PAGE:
Editor’s note: Local Tech Wire asked Kelly Campbell, founder and chief executive officer of Raleigh-based , to sum up what he heard at the capital markets program in RTP on Wednesday. Interface is a custom software development firm. Campbell is a board member with the ACG Triangle chapter.

RESEARCH TRIANGLE PARK, N.C. – Bruce Bittles, chief investment strategist at R.W. Baird & Co., provided the keynote address on the state of the capital markets to a room of over 100 local and regional executives, investment bankers, private equity players and other professionals Wednesday morning.

The event was hosted by the Raleigh Durham chapter of the Association for Corporate Growth (ACG). ACG is a mid-market growth and deal making organization with 54 chapters and over 12,000 members worldwide.

Bittles painted a fairly bleak picture for the current state of the national economy.

He predicted a jobless recovery, with the unemployment rate remaining high for the next two to three years.

Bittles also believes that the historical levels of government debt is acting as an anchor on most aspects of the overall economy, slowing and even hampering efforts by the Federal Reserve to stimulate growth.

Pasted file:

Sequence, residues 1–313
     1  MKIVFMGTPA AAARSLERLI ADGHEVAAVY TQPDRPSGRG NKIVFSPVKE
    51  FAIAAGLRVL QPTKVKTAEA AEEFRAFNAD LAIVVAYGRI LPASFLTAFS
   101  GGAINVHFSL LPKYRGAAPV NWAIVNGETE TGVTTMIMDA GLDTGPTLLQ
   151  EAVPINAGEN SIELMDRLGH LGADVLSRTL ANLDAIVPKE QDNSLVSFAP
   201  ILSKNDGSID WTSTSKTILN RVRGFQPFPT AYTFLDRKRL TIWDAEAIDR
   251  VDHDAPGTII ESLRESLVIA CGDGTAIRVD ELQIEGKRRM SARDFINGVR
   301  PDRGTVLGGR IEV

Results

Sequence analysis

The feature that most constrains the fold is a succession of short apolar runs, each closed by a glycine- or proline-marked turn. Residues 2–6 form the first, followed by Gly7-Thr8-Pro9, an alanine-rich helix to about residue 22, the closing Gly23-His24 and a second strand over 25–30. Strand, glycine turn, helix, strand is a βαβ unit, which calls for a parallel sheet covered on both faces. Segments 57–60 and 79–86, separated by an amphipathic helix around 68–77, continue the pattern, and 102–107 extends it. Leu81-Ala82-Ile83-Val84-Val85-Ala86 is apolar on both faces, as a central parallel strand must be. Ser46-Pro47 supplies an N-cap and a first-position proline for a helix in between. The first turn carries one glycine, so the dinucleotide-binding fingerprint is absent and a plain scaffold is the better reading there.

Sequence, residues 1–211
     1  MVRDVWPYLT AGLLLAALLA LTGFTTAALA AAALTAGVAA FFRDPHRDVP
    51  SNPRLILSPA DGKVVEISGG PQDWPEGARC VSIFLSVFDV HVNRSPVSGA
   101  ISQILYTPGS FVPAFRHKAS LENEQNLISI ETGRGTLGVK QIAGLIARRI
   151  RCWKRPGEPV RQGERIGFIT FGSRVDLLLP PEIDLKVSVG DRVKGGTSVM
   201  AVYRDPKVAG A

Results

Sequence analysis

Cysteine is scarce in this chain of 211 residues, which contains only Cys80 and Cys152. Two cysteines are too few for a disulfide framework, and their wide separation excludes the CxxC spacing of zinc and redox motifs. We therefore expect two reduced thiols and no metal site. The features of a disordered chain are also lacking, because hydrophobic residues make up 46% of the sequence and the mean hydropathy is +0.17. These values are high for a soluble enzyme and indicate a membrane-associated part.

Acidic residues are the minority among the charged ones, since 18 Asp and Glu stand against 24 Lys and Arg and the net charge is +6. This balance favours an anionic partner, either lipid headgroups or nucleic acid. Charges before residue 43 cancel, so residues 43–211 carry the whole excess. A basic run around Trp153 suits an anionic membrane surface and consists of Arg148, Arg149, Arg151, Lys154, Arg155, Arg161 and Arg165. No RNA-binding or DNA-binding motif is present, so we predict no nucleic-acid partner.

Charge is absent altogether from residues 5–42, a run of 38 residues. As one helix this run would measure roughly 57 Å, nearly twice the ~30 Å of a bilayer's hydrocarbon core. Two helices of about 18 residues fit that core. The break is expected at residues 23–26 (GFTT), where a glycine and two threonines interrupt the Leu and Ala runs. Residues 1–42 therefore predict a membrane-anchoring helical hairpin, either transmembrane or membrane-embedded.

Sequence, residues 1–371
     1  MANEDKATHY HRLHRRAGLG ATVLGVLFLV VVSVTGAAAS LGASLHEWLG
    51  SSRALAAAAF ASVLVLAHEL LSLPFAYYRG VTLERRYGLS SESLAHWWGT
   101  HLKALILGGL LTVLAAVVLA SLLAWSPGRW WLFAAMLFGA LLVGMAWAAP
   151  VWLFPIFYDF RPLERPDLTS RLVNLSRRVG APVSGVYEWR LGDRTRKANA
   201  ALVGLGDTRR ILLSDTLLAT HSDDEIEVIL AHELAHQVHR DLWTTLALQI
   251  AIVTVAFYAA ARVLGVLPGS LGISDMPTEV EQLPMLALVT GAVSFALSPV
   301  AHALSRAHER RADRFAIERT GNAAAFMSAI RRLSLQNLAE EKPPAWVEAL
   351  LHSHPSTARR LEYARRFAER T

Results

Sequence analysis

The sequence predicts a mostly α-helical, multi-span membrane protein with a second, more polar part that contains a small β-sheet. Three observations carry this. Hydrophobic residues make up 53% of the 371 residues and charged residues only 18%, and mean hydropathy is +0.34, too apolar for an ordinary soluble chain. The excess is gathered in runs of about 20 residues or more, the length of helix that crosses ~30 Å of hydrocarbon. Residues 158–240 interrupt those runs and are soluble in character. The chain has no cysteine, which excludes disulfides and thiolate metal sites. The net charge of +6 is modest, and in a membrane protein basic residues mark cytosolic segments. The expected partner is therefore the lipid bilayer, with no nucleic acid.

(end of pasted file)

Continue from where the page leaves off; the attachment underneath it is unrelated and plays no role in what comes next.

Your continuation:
Further, Bittles stated that de-inflation is a greater concern to him than inflation.

He believes the consumer savings rate will continue to rise, perhaps reaching 10 percent. While a healthy endeavor, this increase in savings will further reduce economic growth since consumer spending makes up 70 percent of our gross domestic product.

Capital spending by corporations was reported to be on the rise, but this will have a much smaller effect on growth since corporate spending is a much smaller percent of the overall GDP.

Bittles also pointed out that the current recession is likely to alter the psychology of a generation of consumers, much like the great recession did for a generation of our parents and grandparents.

In two panels that followed Bittles’ keynote speech, both merger and acquisition and raising capital panelists seemed unanimous in their view that companies looking for capital – whether equity or debt – will face greater scrutiny, especially those below $5 million in earnings before interest, taxes, depreciation & amortization (EBITDA).

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